Ethnic differences in seeking medical care for chest pain among culturally and linguistically diverse populations: Time, Ethnicity and Delay (TED) study

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Wechkunanukul, Kannikar, 2016 Ethnic differences in seeking medical care for chest pain among culturally and linguistically diverse populations: Time, Ethnicity and Delay (TED) study, Flinders University, School of Nursing & Midwifery

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Abstract

Background Delay in seeking medical care for chest pain in the general population is well documented and may adversely impact on patient outcomes. To date there has been limited knowledge of differences in seeking medical care for chest pain among culturally and linguistically diverse (CALD) populations. Methodology The Time, Ethnicity, and Delay (TED) study was a triangulation of three distinct research approaches aimed to investigate differences in seeking medical care for chest pain among CALD populations. The process of triangulation in the TED study involved: TED I: a systematic review to determine the association between ethnicity and delay time in seeking medical care for chest pain globally TED II: a cross-sectional analysis of an Emergency Department Information System (EDIS) dataset which focused on the differences in the characteristics and processing times between CALD and Australian-born patients with chest pain TED III: a retrospective medical record review which aimed to determine the differences in care-seeking behaviours during the suspected ACS events among all ethnic groups living in Australia. Results The systematic review (TED I) found global reports of an association between ethnicity and a delay time n seeking medical care for chest pain, with patients from some ethnic groups (e.g. Black, Asian, Hispanic and South Asian) took a longer time than those of the majority population. TED II study revealed that CALD patients were older than the Australian patients (mean ± SD; 62 ± 18.4 years vs 56 ± 19.6 years, p < 0.001). There was no difference in ambulance utilisation (41.7% vs 41.1%, p = 0.679). There was no significant difference in times taken to receive treatment in ED, but CALD patients spent a longer time in ED compare to the Australian-born population (median 5.4 (2.9, 7.7) vs 4.3 (0.5, 7.0) hours, p < 0.001). There was a low rate of concordance with three chest pain related standards (ambulance use, Triage priority 1 or 2 and time to treatment ≤10 minutes) from the guidelines (the Guidelines for the management of acute coronary syndromes 2006 and the Guidelines on the Implementation of the Australasian Triage Scale in Emergency Departments) in both groups, but it did not differ significantly (12.5% vs 13.1%, p = 0.556). CALD status was a significant predictor of the guideline concordance. CALD patients were 22% (95% CI, 0.65, 0.95, p=0.015) less likely to receive the guideline management for chest pain. The ethnic differences in care-seeking behaviour during suspected ACS events were found in TED III. The median decision time (hours) ranged from 1.5 (Australian) to 4.5 (Sub-Saharan African). Five ethnic groups had significantly longer decision times compared to Australian, including Sub-Saharan African (4.5 (1.8, 14.3) vs 1.5 (0.6, 4.5), p=0.001); North African and Middle Eastern (4.1 vs 1.5 (0.6, 4.5), p <0.013); South-East Asian (3.9 vs 1.5 (0.6, 4.5), p =0.001); North-East Asian (3.0 vs 1.5, (0.6, 4.5), p <0.006); and Oceanian (2.4 (1.0, 7.0) vs 1.5 (0.6, 4.5), p = 0.035). The median prehospital delay time (hours) ranged between 2.5 (1.0, 10.7) (Southern and Eastern European) and 6.0 (2.3, 20.6) (Sub-Saharan African). Only two ethnic groups had their delay time differ significantly from Australian; the Sub-Saharan African (6.0 (2.3, 20.6) vs 3.2 (1.4, 8.8) hours, p=0.025) and the South-East Asian (5.3 (3.0, 22.3) vs 3.2 (1.4, 8.8) hours, p=0.012) groups. Decision time accounted for 58.4% of prehospital delay time. There was no difference in ambulance utilization between ethnic and Australian groups. CALD patients were 60% less likely to seek medical care within one hour when experiencing chest pain (95% CI, 0.23, 0.68, p=0.001). CALD patients had a higher readmission rate than Australians at 30 days and 6 months. Conclusions The outcomes of TED study have demonstrated an association between ethnicity and delay in seeking medical care for chest pain globally and in the area studies in Australia. The ethnic differences in responding to chest pain, particularly decision time were found, and ethnicity had a significant impact on patients’ delay. The initial treatment in ED was equally provided to all patients, but CALD patients spent a longer time in ED and had a higher readmission rate than Australian patients reviewed in this study.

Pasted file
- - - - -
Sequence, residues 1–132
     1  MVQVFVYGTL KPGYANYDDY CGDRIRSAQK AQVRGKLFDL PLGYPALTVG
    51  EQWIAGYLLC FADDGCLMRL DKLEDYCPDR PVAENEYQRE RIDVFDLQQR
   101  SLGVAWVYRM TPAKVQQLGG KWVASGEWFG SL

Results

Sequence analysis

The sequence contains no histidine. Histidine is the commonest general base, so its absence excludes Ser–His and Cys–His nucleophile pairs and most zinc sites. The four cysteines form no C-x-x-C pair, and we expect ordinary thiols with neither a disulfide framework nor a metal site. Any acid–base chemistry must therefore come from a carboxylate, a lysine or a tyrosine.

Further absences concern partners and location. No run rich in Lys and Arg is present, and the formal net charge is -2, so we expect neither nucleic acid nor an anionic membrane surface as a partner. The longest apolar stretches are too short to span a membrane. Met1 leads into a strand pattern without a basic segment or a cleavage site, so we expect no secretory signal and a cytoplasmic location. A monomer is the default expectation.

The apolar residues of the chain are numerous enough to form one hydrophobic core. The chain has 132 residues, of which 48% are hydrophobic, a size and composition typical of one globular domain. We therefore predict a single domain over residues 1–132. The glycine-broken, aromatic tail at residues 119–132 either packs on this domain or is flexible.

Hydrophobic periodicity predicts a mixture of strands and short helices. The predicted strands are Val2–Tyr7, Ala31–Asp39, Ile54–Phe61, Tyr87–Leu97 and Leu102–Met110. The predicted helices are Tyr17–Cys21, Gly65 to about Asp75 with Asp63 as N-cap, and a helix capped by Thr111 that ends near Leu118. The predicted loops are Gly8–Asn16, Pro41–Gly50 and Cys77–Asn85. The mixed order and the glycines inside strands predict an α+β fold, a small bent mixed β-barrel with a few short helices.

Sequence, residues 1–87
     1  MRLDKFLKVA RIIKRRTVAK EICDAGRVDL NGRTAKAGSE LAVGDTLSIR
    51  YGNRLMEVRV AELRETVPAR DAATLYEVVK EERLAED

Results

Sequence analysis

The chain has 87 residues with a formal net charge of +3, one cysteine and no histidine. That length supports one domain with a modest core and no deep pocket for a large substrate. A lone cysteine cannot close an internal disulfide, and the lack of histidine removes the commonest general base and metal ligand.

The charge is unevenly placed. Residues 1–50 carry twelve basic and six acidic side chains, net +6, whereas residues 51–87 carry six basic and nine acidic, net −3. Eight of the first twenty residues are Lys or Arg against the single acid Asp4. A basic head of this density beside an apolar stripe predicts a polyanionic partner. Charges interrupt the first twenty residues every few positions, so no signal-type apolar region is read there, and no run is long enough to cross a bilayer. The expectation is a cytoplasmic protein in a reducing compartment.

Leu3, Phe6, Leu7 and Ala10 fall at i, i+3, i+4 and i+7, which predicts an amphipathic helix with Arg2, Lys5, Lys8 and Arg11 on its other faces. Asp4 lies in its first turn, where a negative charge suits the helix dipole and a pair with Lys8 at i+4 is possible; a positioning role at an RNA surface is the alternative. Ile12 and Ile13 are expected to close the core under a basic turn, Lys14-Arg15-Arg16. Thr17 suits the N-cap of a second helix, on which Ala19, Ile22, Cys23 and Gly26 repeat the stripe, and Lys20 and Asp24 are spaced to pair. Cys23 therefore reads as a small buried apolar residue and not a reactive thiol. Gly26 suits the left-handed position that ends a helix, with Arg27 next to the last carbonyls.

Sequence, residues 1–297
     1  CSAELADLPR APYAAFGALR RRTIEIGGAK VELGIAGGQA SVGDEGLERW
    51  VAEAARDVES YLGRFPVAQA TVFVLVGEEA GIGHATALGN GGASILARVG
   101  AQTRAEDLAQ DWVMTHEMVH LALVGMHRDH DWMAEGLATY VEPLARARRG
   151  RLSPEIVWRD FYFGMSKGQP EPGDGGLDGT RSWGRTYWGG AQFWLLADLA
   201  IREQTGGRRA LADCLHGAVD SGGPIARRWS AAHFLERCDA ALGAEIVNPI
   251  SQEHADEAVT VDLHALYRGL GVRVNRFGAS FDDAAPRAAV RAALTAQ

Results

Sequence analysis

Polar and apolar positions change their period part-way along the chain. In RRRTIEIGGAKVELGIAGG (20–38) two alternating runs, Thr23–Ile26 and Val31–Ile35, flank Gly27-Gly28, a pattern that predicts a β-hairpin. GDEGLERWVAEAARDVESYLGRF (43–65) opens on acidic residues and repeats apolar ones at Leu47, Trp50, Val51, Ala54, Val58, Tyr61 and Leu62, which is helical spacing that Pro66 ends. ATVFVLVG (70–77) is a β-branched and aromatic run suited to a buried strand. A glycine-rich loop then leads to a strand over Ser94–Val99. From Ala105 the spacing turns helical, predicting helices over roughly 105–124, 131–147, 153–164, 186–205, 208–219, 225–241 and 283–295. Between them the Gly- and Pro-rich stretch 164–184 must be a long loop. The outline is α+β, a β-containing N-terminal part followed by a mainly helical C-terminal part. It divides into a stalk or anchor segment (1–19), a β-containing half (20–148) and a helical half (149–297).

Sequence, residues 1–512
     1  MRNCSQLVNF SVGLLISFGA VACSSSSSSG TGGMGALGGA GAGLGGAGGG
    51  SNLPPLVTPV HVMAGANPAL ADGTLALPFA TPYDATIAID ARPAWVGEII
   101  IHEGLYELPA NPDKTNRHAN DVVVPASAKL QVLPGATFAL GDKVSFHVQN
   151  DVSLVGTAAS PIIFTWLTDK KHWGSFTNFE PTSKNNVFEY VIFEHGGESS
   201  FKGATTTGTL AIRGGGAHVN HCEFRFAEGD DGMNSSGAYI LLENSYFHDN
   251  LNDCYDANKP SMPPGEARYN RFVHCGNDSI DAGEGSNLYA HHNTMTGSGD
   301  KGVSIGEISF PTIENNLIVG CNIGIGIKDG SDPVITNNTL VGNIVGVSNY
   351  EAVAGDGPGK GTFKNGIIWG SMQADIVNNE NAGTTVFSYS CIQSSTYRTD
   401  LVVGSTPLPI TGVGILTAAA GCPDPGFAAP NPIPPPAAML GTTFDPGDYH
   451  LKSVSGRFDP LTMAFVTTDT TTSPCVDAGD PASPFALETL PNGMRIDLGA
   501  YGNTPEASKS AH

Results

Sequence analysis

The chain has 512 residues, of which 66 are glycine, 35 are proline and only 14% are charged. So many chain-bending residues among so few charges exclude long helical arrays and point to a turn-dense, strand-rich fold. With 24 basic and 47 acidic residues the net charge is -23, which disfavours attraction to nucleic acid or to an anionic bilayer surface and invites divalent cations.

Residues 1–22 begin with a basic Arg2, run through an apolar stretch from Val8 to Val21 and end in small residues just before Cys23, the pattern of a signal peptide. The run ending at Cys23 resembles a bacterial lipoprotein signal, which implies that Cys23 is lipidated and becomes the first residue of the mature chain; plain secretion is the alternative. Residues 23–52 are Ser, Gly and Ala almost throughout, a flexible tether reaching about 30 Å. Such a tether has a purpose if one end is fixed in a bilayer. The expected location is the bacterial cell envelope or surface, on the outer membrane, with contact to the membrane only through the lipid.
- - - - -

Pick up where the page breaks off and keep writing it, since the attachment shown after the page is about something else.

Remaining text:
Keywords: Ethnicity, CALD, migrant, chest pain, delay, seeking care, ACS
Subject: Nursing thesis

Thesis type: Doctor of Philosophy
Completed: 2016
School: School of Nursing & Midwifery
Supervisor: Robyn Clark